apple’s ipad: one of these things …
Maybe it’s because they never watched Sesame Street, and we did. After all, with a simple song (One of these things is not like the other, one of these is not the same…), this seemingly wholesome bastion of public television edutainment taught a generation of kids to spot categories and reject misfits, and quickly! (Watch it on YouTube.)
Lately, the Apple iPad has made me think about these issues and, of course (!), about org theory. It leads to some questions for org theory readers, which are stated at the end of this post.
Jumping into the org theory part takes me to Ezra Zuckerman’s (1999) “categorical imperative.” Roughly speaking, this is the idea that non-conformists pay a price for their deviance, which includes, but is not limited to, being overlooked, dismissed or discounted, especially by third-party evaluators that try to make a living as critics, analysts or experts. Similar findings have been shown in, to name just a few studies I like, actors (Zuckerman; Hsu), wine (Negro, Hannan and Rao), and markets for professional services (Leung). So, for everyone 10 tries at creating a new market category, we can all probably find 9 or so failures. Furthermore, for each success, I bet I can find a situation where a few deviants started to find each other and somehow find themselves part of what they had tried to leave behind–a crowd that gives them legitimacy, even as it also makes them compete. (I say something along these lines in articles in Poetics, ASR, and in a working paper probably getting brutalized by reviewers somewhere right now.)
Still, this isn’t the whole story, is it?
In the technology world, engineers and entrepreneurs have this crazy idea that it’s somehow a good thing to come up with new things that don’t fit existing categories. They’re so drunk with enthusiasm for this that they seem to want to do it all the time. Probably to make it sound like it isn’t just ill-advised gambling, they call it “innovation”, like giving it a name makes it more real, or something. (See Rosa et al., 1999.) Of course, they still mostly fail at it. I’m not sure, but I think this obsessive rush to deviate could be related to the history and lore of computers. It is replete with stories of misfits–computers that didn’t fit established categories of their day–that somehow caught on and siphoned demand away from dominant markets. Everybody seems to want to make that list as inventors of the “next big thing.” There is even a wacky museum dedicated to all this. I can’t say if the whole innovation thing will catch on, but it certainly makes for interesting studies.
Kidding aside, you can also see this in several things Ezra has written about how actors escape the pressures of conformity. There is the idea that what economists call “abnormal returns” tend to go to innovators, a la Schumpeter (see Zuckerman 1999: 1402-1403). Also, in his paper with Damon Philips, there is the point that high and low status actors feel greater pressures for conformity than middle-status actors. Even so, I’m definitely with Ezra on the conformity pressures that categories produce, but I’m also puzzled by the question of how new categories arise. As my wife and kids would testify, this puts me on the lookout for misfits or category-blenders or misfits that seem like they might make get recognized as belonging to new categories, even if they initially strike many as ungainly hybrids. You can hear nastily critical comments to that effect about the iPad, netbook computers, or before that, the smartphone. Even before that, the same goes for the minicomputer, the PC, the workstation, and so on. (Gordon Bell has a nice little paper on this that boils a lot of this history down into a single diagram–see Figure 1. For engineers: there really is a Figure 1 in Bell’s paper.)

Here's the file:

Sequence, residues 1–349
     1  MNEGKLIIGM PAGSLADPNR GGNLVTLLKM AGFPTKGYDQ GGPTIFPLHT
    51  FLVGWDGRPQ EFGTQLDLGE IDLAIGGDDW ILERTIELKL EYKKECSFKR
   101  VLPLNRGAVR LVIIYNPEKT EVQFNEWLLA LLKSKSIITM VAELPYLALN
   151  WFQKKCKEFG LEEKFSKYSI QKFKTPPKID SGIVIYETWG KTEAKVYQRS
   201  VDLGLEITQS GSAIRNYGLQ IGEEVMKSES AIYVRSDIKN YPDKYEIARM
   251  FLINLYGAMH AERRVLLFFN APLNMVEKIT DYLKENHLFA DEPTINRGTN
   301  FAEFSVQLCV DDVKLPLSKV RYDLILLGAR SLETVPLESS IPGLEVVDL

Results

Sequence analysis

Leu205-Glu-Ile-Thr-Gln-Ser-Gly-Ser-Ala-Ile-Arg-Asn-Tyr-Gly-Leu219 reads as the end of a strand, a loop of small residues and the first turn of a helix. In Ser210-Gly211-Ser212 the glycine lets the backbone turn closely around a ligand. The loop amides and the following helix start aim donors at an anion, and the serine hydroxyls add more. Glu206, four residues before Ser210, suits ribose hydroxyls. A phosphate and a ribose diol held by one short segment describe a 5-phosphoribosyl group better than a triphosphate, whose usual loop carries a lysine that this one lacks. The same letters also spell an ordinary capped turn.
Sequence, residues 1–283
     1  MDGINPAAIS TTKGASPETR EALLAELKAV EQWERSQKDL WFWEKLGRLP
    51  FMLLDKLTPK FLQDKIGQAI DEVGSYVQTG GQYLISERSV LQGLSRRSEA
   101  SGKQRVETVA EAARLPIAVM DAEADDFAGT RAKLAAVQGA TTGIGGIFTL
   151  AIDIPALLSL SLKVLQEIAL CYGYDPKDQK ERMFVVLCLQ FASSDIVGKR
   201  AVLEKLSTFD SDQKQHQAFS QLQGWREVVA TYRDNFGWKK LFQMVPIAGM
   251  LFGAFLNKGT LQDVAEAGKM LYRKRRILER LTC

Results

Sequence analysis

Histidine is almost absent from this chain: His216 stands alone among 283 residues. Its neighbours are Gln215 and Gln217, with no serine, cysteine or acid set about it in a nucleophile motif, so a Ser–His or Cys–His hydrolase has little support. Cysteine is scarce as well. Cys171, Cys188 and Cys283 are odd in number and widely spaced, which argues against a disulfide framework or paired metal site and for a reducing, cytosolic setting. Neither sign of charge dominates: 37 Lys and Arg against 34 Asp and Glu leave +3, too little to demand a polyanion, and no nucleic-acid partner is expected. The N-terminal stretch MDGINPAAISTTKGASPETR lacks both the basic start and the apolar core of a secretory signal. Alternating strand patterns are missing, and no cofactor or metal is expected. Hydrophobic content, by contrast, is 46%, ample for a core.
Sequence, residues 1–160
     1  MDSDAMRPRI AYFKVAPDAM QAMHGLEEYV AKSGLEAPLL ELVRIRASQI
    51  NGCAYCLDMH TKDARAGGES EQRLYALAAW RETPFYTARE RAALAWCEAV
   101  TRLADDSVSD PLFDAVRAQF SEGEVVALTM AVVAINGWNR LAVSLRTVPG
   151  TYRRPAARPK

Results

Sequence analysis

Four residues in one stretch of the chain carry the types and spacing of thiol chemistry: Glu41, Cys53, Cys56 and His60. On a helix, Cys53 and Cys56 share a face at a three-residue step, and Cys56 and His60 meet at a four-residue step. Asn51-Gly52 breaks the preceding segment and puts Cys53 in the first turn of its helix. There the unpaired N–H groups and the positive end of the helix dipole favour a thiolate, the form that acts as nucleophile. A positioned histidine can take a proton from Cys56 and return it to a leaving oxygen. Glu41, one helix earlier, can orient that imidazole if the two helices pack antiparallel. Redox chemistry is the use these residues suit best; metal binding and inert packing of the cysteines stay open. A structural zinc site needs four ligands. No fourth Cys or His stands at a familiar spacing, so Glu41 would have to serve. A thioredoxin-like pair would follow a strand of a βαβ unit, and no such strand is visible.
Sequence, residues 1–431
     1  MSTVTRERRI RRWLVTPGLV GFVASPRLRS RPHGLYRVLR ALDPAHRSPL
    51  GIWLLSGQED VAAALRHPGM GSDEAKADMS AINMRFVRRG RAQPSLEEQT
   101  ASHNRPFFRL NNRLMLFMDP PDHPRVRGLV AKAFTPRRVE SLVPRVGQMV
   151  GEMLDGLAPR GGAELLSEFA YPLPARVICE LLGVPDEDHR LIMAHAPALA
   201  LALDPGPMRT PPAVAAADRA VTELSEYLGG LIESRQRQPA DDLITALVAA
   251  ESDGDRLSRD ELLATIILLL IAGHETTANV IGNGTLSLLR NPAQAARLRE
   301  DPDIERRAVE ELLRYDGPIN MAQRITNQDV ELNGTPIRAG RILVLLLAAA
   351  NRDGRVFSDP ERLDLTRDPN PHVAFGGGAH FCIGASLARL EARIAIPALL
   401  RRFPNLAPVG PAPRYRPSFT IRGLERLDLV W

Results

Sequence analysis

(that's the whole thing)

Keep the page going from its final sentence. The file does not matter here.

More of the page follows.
In the technology context, it is clear that being the prototype for today’s established category may not translate into being the prototype for the next big thing. Since being a perfect fit for the slide rule category just isn’t worth what it used to be, it’s useful to think about the currency of a category, the topic of a paper I”m revising for RSO with student Jade Lo and Mike Lounsbury.) Because a picture’s worth a thousand words, here’s an admittedly non-artistic collage that combines some well-accepted categories with misfits aiming for currency of their own.
So here are some questions for you:
- In addition to the categorical imperative, what else affects the dynamics of market categories?
- Any predictions about whether the iPad will take off or fizzle out?
- Or, should org theorists leave all this super-macro “organizations and markets” stuff to other fields?
To start the discussion, here are few ideas about #1 that are already out there:
- luck (path dependence),
- product features (rational choice in marketing),
- producers’ perceptions of threat and opportunity (I have a piece with Peer Fiss about this in AMJ),
- audience judgments and critics’ opinions (as in the growing ecological literature on categories),
- the social psychology of comparison processes and similarity judgments (in the spirit of Brayden’s recent post).
At least to me, what makes all this an interesting topic–and fair game for org theorists–is that it requires looking beyond the effects of institutionalized categories to the processes and institutions that contribute to institutionalizing them. Yuck, that’s a mouthful, I know. The point is that categories have histories in which organizations, entrepreneurs and innovators interact with critics, distributors, key customers and other arbiters of taste to try to influence their intended audience to see their misfit products as deserving categories of their own–and all the rights and privileges pertaining thereto, as the saying goes.